FOREIGN LANGUAGES: DIRECTIONS FOR USE

  • Nov 8, 2017

FOREIGN LANGUAGES: DIRECTIONS FOR USE

by Andrea Virga

 

This post can be considered a short handbook on how to use (and learn) foreign languages, for those who have not been lucky enough to work them out since childhood.

When I was 16  I used to spend hours on the phone with an Antwerp-based sweetheart I had met on vacation; at 20, during my Erasmus semester in Hamburg, I had the chance to share an apartment with German-native speakers only, and at the age of 25, my band (and drinking) buddies in Ireland made a nearly English native speaker out of myself.This is why I decided to draw up few easy rules for those of you who may not be familiar with foreign languages and are looking for a way to improve their level.

 

First of all, congratulations: this is a good start!  A foreigner trying to greet or thank in the local language is likely to be appreciated by native speakers, and even the coldest Viking will smile after a shy “takk” or “god morgon”. If you feel ashamed, or simply not interested in the local language, you should remember that learning a simple “sayonara” or “choukran” is no big struggle and might get you out of uncomfortable mishaps.

Nowadays, in business and politics, it seems to be common practise to show off a sort of English look-alike gibberish which claims to be work-friendly, but it’s just amelting pot of unaware lexicon. Don’t forget that English is not mandatory if you’re in a different linguistic context, and – on the contrary – a bad try may turn out to be awkward and counter-productive.

On the contrary, speaking a foreing language is essential when one is travelling aborad and needs (or wants) to communicate with locals.No worries, though: beginners won’t need to make any particular effort while speaking, since chatting abilities gradually increase as we learn new words, so the less you know the less youtalk; nobody will ever complain and some good-hearted native speaker may even provide useful linguistic advice..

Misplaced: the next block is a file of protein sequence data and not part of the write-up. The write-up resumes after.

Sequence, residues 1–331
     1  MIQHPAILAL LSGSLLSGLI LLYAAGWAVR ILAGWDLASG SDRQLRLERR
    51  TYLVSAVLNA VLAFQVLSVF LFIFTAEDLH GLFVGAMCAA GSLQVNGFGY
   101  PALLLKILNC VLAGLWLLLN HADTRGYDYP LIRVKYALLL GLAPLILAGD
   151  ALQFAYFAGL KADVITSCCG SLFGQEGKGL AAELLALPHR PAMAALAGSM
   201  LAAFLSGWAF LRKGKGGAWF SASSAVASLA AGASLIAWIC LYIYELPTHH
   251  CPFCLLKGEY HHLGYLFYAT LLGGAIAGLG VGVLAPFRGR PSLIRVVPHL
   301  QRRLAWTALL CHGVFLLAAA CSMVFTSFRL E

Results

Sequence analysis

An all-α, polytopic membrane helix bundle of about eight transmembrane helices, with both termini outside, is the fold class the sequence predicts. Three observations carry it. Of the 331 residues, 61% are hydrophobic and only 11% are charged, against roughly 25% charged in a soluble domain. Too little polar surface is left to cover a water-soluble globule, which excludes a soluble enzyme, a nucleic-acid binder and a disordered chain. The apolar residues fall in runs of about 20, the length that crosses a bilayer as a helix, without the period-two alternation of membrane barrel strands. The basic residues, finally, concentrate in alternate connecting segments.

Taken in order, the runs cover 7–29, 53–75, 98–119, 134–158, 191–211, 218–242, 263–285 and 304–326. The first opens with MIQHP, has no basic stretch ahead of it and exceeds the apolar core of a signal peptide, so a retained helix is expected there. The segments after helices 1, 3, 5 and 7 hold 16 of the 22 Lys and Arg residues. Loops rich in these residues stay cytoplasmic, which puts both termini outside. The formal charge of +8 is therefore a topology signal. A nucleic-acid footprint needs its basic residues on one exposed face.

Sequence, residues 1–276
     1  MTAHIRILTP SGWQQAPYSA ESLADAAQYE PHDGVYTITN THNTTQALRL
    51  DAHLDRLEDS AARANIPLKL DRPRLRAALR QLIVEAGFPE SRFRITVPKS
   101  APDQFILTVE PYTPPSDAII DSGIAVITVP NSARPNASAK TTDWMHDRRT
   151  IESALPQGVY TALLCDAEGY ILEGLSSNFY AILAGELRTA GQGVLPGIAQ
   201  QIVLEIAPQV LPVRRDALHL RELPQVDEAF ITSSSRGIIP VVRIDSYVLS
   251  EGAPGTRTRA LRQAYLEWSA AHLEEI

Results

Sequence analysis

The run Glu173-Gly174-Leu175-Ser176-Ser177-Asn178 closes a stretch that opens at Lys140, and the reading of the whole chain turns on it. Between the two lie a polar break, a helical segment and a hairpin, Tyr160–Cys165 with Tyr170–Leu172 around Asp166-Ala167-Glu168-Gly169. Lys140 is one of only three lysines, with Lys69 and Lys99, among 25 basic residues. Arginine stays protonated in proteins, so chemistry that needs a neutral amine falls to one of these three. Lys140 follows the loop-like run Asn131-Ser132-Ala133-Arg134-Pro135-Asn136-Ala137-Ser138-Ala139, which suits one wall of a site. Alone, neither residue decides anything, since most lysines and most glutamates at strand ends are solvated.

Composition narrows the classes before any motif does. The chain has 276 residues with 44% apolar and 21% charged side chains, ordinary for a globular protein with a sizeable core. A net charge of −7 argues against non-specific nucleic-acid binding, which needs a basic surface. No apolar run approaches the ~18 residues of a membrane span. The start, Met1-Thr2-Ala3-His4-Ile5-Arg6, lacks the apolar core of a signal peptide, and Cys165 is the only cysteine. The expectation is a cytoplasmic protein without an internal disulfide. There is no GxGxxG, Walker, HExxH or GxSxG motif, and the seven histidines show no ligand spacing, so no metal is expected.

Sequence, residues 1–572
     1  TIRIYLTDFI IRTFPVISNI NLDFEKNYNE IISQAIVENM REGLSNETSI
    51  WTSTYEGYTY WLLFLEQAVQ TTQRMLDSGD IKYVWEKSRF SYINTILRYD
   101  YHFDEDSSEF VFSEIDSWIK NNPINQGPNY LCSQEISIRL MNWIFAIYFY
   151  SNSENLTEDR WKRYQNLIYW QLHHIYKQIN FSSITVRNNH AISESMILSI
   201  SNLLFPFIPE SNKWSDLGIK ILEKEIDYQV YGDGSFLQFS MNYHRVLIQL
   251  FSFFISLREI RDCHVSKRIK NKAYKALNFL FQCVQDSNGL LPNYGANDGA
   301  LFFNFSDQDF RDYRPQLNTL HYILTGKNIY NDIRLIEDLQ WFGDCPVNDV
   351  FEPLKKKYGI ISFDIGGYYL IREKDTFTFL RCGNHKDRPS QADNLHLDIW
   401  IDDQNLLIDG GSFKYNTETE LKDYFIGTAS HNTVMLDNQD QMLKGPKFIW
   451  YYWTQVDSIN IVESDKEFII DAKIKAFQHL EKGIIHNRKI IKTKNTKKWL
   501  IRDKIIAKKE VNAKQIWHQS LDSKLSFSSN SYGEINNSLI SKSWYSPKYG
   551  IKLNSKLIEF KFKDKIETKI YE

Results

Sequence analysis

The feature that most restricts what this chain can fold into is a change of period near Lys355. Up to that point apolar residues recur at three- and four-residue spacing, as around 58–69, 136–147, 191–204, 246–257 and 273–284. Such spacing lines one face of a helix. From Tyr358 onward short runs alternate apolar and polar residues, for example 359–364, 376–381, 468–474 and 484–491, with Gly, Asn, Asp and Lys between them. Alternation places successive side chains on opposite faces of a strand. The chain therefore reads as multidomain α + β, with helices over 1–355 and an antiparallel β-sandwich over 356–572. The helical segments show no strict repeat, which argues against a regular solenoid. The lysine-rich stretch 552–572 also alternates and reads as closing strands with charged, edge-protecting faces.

If you cannot afford study trips, internships abroad, or expensive private classesthere is a neat, clever and subtle solution (although not completely effective) itcomes from TVor on-line streaming. Movies, documentaries, TV-series, newscastsand so on: they are all ok for your purpouse.. You can initially activate subs in your mother tongue, then in the original language, and then just go without them. This is the perfect way to combine business with pleasure and learn new words and figures of speech

Last but not least: when you are on holiday, meet locals. In 2014, during a trip to Maui, I thought my English was quite good; then I met a random Australian dude and I totally changed my mind.

 

Last but not least, avoid learning languages withimprovised teachers. This may sound obvious but trust me, I met so many people making terrible mistakes at the end of rough language courses. Some mistakes are hard to correct once internalized, and as we’re trying to learn something new, we’d better do it properly.

 

Do not trust those who tell you that everybody can speak English. Everyone just speaks it badly.

 

Andrea Virga – Failed translator who lets off steam with rock music and surf. Born in Asti, he lives in Genoa and is lucky enough to deal with virtues and vices of both cities. He promised to friends and family he’ll change his hobbies as soon as he becomes a freelance.

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"A different language is a different vision of life."   Federico Fellini


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